Why this is important to Wisconsin businesses: Affected sectors include mining, manufacturing, transportation, commercial services, finance, scientific research and culture.

In June, China’s State Council, updated the negative list for foreign investment in the country’s 11 free trade zones, removing 27 formerly prohibited items across eight sectors, including the mining, manufacturing, transportation, information, commercial services, finance, scientific research and culture sectors, further relaxing restrictions for foreign businesses.

China's free trade zones are a way of testing new policies to better integrate the economy with international practices. The nation's pilot free trade zones have expanded from the first in Shanghai in 2013 to the current number of 11 across the country.

More market space to foreign companies carrying out business related to those sectors will be offered in these zones. For example, in manufacturing, foreign companies are allowed to produce their own rail transport facilities instead of having to set up joint ventures with local firms. Rules were also eased for foreign companies manufacturing electric vehicles and related products.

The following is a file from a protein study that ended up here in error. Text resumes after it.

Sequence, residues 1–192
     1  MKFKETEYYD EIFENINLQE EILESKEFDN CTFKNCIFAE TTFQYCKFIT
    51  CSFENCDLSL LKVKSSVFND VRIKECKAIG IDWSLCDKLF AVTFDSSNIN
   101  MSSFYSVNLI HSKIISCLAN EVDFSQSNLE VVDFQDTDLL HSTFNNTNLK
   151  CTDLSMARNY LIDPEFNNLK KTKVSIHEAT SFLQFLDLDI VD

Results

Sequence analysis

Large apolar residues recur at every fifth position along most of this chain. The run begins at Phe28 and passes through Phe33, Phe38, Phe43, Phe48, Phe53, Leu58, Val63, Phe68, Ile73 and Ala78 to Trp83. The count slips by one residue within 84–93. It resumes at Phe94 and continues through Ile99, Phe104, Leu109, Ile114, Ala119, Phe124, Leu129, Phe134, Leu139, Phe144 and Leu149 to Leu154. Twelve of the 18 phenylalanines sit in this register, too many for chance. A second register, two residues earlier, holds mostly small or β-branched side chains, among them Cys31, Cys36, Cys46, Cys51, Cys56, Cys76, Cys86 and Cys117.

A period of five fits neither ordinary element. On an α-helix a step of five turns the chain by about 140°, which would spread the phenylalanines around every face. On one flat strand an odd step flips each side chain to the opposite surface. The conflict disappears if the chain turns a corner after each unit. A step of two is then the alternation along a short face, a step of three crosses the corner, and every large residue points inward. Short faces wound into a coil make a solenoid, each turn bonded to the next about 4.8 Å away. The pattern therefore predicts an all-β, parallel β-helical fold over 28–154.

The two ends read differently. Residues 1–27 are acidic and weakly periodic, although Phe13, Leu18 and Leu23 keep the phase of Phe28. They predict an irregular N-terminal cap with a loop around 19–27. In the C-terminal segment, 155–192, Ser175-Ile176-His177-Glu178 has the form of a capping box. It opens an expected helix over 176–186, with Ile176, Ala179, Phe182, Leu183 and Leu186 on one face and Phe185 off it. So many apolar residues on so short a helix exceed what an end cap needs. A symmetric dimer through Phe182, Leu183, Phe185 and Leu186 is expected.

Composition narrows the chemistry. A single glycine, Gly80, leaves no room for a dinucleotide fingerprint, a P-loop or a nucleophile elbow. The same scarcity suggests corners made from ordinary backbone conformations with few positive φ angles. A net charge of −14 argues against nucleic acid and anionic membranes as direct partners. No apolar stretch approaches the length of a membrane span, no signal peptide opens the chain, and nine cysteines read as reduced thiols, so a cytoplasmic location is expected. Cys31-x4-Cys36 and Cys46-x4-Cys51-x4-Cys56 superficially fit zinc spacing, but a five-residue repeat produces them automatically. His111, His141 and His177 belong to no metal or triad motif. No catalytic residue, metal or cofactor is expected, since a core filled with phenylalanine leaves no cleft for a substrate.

Following this new list, the Chinese government also released a document that deepens the reform in the financial services sector since the government introduced a package of 40 measures to boost capital account convertibility and facilitate cross-border trade and investment in 2015.

According to the new rules, foreign banks can now sell and underwrite government bonds, and there is no longer a restriction for international ratings agencies to carry out their business, in the Shanghai free trade zone. There is now no mandatory review or approval for transactions by foreign insurers in the zone.

The latest document stipulates that the proportion of foreign capital in a securities firm cannot exceed 49 percent. The limit on shares held by a foreign investor in a listed domestic brokerage remains unchanged, at 20 percent for a single investor and 25 percent in all.

Experts say the revision constitutes as a significant move by China to open its economy amid a global environment of rising protectionism.